Open Access
Article
BRCA1 in cancer, cell cycle and genomic stability
Meena Jhanwar-Uniyal1
1
Institute for Cancer Prevention, American Health Foundation Cancer Prevention Center, Valhalla, New York 10595, USA. mjhanwar@ifcp.us
DOI: 10.2741/1131 Volume 8 Issue 6, pp.1107-1117
Published: 01 September 2003
(This article belongs to the Special Issue Cell cycle checkpoint control)
Abstract

The BRCA1 gene was isolated in 1994; germline mutations of this gene are known to confer susceptibility to breast and ovarian cancer in high-risk families. Since its discovery, several mutations have been identified in this gene; these are scattered throughout the gene, and include insertion and deletion frameshifts, base substitutions, and inferred regulatory mutations. It role in the pathogenesis of breast cancer, which accounts for almost 95%, although unproven to date, cannot be ruled out. The functional inactivation of both copies of this gene in sporadic tumor cells does not follow the traditional mode: the loss of function in BRCA1 is not accompanied by underlying mutation of the gene in tumor cells with loss of heterozygosity for the BRCA1 gene. Several studies now suggest that an alternate mechanism of inactivation, involving promoter hypermethylation that results in reduced expression of the gene, may be common to a significant proportion of sporadic breast and ovarian cancers. BRCA1 as a tumor suppressor plays an important role in maintaining genomic stability. BRCA1 has the ability to interact with numerous proteins and to form complexes that are involved in recognizing and subsequently repairing DNA. BRCA1 contains several functional domains that directly or indirectly interact with a variety of proteins via protein-protein interaction; these include tumor suppressors (BRCA2, p53, Rb and ATM), oncogenes (c-Myc, casein kinase II and E2F), DNA damage repair proteins (RAD50 and RAD51), cell cycle regulators (cyclins and cyclin dependent kinases), transcriptional activators and repressors (RNA polymerase II, RHA, histone deacetylase complex and CtIP), DNA damage-sensing complex and mismatch repair proteins (BRCA1- Associated Surveillance Complex; BASC) and signal transducer and activator of transcription (STAT) among others Formation of foci containing BRCA1 by inherited mutations, or epigenetic mechanisms (promoter methylation) in sporadic cancers leads to a loss of DNA repair ability, disrupts the potential to form complexes with other proteins that are crucial for DNA repair pathways. Thus, BRCA1 plays a significant role in maintaining genomic stability and serves as a tumor suppressor in breast cancer tumorigenesis.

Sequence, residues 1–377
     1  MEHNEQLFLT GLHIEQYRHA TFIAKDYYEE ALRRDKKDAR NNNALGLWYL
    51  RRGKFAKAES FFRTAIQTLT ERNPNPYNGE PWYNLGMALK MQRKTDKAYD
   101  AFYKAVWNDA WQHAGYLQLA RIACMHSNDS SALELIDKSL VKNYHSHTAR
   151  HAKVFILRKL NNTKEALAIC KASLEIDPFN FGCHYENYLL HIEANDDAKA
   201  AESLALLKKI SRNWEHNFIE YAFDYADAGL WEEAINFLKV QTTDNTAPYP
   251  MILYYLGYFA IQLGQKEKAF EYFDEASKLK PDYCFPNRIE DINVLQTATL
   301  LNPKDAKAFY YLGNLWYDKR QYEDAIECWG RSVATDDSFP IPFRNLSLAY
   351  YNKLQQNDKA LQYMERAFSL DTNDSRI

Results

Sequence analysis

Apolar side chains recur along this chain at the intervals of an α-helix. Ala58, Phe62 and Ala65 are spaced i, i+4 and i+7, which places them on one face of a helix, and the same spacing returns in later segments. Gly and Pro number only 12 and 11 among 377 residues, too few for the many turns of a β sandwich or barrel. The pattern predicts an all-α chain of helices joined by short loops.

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Meena Jhanwar-Uniyal. BRCA1 in cancer, cell cycle and genomic stability. Frontiers in Bioscience-Landmark. 2003. 8(6); 1107-1117.